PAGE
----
European shares slipped from near-record highs after the US airstrike in Iraq that killed a top Iranian commander increased tensions in the Middle East and spurred moves out of risk assets, while an oil-price surge hammered airline stocks.
Iran’s supreme leader Ayatollah Ali Khamenei vowed harsh revenge after Iranian Major General Qassem Soleimani, architect of the country’s spreading military influence in the Middle East, was killed in the airstrike at Baghdad Airport.
Leaders from many other countries urged restraint. Ken Odeluga, market analyst at City Index said: “As such, chances that a further escalation of tensions with Washington can be avoided, appear to be low.”
The pan-European Stoxx-600 index was down 0.3%, with German shares having their worst day in a month as Lufthansa slumped 6.5%.
Along with losses in airlines Air France and EasyJet, Europe’s travel and leisure sector shed 1.6%, on fuel price concerns as oil prices jumped by more than 3%. This lifted the regional energy sector index to seven-week highs, which tied in with a weaker pound to help London’s Ftse Index buck the trend.
“Even if we hear nothing over the weekend, the events have shown that this is a complex geopolitical situation and the ongoing uncertainty will have to be dealt with for a while,” said Ingo Schachel, head of equity research at Commerzbank.
Global financial markets had started the new decade on a high note on improving US-China trade relations, further monetary easing in China, and a brightening economic outlook.
But new data showed that unemployment in Germany rose more than was forecast expected in December, while US manufacturing for the same period suffered a larger dip than was expected.
The yen strengthened, gold hit its highest level in four months, and the yield on 10-year treasuries looked poised for a big drop as government bonds rallied.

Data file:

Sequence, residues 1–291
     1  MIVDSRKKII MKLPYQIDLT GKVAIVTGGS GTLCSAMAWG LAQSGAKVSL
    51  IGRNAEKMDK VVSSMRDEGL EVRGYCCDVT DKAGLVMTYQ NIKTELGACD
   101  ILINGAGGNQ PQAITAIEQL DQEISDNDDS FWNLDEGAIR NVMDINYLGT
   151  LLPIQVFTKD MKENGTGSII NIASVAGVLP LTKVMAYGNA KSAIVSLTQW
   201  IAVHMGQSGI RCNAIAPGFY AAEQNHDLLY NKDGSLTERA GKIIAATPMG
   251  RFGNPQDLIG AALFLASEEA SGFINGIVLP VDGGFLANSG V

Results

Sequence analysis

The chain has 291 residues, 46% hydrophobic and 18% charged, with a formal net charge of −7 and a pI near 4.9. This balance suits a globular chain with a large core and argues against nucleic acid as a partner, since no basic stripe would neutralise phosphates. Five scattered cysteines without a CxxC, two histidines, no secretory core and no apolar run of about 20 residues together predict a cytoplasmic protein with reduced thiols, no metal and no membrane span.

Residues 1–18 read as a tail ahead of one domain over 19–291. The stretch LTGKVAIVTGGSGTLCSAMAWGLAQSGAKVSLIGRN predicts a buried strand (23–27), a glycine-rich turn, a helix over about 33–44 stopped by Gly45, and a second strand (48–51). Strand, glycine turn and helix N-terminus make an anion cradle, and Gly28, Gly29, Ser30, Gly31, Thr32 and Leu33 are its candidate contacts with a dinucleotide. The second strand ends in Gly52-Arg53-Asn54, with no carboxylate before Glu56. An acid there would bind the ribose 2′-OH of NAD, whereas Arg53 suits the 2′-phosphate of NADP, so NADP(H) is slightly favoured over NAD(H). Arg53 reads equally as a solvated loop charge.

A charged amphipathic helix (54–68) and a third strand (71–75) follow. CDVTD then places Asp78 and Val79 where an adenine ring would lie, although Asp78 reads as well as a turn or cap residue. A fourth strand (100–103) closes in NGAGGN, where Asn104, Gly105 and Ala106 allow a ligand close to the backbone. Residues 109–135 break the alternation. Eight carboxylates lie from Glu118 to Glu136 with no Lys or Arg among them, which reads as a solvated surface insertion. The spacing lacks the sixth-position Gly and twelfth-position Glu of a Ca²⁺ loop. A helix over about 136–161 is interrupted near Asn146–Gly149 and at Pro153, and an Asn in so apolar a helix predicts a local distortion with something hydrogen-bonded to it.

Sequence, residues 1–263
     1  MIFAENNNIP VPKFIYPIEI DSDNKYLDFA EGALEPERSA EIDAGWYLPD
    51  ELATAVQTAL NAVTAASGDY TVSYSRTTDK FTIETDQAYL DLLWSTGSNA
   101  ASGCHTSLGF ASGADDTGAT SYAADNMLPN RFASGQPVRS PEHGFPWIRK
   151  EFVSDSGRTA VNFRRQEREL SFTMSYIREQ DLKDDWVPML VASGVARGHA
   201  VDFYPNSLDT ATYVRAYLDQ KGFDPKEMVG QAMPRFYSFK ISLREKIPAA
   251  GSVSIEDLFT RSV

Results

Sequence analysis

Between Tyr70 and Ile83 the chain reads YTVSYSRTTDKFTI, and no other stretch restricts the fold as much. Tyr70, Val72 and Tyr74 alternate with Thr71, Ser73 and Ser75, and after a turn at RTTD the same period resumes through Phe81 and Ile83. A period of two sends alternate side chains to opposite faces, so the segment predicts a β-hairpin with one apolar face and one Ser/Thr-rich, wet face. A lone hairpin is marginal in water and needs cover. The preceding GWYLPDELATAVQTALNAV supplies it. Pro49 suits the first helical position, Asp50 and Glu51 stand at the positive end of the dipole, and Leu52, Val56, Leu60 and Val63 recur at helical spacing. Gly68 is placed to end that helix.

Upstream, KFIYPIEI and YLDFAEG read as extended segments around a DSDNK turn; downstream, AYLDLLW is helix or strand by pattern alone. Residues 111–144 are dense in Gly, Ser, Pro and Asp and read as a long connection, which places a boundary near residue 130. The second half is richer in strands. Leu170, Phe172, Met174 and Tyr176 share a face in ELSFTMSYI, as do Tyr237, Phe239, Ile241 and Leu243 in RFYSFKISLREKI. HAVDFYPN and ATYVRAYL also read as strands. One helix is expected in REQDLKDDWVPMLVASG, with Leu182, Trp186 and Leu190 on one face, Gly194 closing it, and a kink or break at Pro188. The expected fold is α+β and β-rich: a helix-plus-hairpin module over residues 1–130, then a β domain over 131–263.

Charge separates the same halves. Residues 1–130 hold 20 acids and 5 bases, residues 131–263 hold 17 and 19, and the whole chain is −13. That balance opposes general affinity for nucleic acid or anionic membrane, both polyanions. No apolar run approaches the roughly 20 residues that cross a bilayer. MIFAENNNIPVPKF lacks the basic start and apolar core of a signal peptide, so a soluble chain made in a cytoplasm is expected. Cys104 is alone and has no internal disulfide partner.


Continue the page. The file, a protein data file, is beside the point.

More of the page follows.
The escalation of tensions could “dash market hopes for a rebound of the global economy that is still to emerge from under the cloud of the US-China trade war,” said Credit Agricole analyst Valentin Marinov. “Risk sentiment should remain fragile also because central banks may be slow to respond or simply no longer have the arsenal to respond in an adequate way.”
Wei Li at BlackRock said: “Within the space of 24 hours, sentiment took a 180-degree turn. This very much characterises the sort of year we expect 2020 to be — on the one hand, fundamentals are getting a bit better, trade headlines are getting a bit better, but on the other hand, bouts of volatility will be frequent.”
Societe Generale analyst Kit Juckes said: “Gold’s a winner as tension increases, and oil prices are higher too. Bond yields are lower, the equity rally which was under way in the US has stalled, but not gone dramatically in reverse, and in the foreign exchange market, safe havens and oil-sensitive currencies benefit but it’s the yen which is the clear winner... Given the scope for tension to persist in the Strait of Hormuz, a protracted period of higher oil prices has to be a risk.”
Colombo Wealth’s Alberto Tocchio said: “The ‘severe retaliation’ aspect is possibly what is scaring the markets as it could mean that there will be a counterattack versus American diplomats. Markets could use this excuse to take some profits as sentiment and positioning are possibly too high."
Reuters and Bloomberg